Daniel Sellen, chair of the World Bank’s Staff Association – which defends the rights of staff workers – says that the organization has a moral duty to deal with sexual harassment after having criticized its prevalence in certain countries. “We have to hold ourselves to very high standards and practice what we preach,” he said in an interview.

Top officials at the World Bank have announced measures against sexual harassment in recent months. Some of these measures include hiring a consulting firm to analyze the way in which reports of sexual misconduct are investigated. Other initiatives include making all employees take a harassment prevention course, and accelerating investigations of abuse reports. In an e-mail sent to employees in March, World Bank President Jim Yong Kim encouraged them to participate in the survey. “We will not tolerate transgressions that jeopardize our vital mission of ending poverty and creating opportunities for millions around the world.”

A cellphone under a worker’s skirt

Yet there are known cases of sexual harassment at the World Bank that have been met with lukewarm responses by internal oversight bodies. In December 2016, the World Bank’s Administrative Tribunal ruled against the decision to fire an employee who placed his cellphone under a female staff worker’s skirt to take “inappropriate photographs or videos of her without her consent” at Washington headquarters in 2014. Despite this “misconduct,” the tribunal found that “the disciplinary sanction of termination was significantly disproportionate.”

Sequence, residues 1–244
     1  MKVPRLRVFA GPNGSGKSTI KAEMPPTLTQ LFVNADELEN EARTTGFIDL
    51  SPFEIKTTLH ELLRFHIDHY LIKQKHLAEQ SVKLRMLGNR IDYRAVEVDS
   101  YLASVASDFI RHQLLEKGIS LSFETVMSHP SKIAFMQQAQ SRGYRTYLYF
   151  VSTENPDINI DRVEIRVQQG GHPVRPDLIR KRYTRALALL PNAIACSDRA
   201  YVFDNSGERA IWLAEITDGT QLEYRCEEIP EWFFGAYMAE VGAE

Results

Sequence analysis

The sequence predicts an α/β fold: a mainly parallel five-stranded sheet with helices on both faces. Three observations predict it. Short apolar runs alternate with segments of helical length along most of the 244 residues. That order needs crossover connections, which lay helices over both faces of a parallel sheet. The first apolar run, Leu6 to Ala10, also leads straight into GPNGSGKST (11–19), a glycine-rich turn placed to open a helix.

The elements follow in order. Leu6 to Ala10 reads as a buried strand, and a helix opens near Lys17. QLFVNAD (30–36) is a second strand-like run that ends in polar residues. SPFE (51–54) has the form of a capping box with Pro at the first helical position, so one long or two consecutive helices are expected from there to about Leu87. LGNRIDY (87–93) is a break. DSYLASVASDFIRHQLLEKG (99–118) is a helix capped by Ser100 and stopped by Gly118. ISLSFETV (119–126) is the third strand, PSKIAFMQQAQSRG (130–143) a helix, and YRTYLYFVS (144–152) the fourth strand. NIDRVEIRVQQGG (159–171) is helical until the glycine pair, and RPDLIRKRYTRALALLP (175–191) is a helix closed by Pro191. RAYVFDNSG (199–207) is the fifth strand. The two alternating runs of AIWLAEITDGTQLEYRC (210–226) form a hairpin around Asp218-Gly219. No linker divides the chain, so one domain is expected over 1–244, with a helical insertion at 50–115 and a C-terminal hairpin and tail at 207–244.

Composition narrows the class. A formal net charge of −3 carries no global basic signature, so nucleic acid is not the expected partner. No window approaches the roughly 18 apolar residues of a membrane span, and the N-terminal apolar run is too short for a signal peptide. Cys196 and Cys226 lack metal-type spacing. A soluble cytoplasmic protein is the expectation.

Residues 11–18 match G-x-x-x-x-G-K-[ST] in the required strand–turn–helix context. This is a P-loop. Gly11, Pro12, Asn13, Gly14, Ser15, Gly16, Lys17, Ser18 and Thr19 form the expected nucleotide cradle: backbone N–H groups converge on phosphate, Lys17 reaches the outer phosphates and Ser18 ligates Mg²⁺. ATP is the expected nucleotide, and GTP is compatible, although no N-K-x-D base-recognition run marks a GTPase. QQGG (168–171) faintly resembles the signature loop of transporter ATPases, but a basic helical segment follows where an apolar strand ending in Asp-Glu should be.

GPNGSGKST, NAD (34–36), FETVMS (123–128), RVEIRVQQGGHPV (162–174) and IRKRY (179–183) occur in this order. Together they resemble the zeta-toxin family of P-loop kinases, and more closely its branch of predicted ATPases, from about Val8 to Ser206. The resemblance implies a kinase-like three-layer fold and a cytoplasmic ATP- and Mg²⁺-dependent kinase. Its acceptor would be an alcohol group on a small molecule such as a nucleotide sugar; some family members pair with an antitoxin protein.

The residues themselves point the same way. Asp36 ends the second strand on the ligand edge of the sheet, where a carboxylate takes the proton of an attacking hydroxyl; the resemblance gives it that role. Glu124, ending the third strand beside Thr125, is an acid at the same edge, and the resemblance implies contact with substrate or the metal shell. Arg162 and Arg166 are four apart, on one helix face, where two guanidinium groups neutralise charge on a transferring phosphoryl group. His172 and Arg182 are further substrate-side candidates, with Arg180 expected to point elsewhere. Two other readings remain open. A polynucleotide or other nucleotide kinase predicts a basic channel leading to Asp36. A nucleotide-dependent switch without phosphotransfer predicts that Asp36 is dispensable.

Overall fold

A year later, a former employee named Elaine Zuckerman who now presides the non-profit group Gender Action sent an e-mail to the World Bank’s Ombudsman explaining how she was sexually "assaulted" in the 1980s by two staff members during trips to China, and that when she reported these incidents, the Ombudsman back at the time replied that nothing could be done without witnesses, and ended the investigation.

But there are some hopeful signs as well. In the recently ended fiscal year 2018, there were 33 accusations of sexual harassment at the World Bank compared with 11 in 2017. Sellen, of the Staff Association, attributes part of this increase to the effects of the survey. He calls the current debate “very positive” but says there is an urgent need for a system that will let women feel safe about reporting abuse and show them that there are specific consequences for the perpetrators.

Regarding the survey itself, which showed that 25% of female respondents have experienced sexual harassment at work, Sellen reports mixed reactions: “Some men have commented that that number is too high, and women have told me that that number is way too low.”

A survey conducted by CNBC in December in the United States showed similar results: 27% of women and 10% of men reported experiencing sexual harassment in the workplace.

English version by Susana Urra.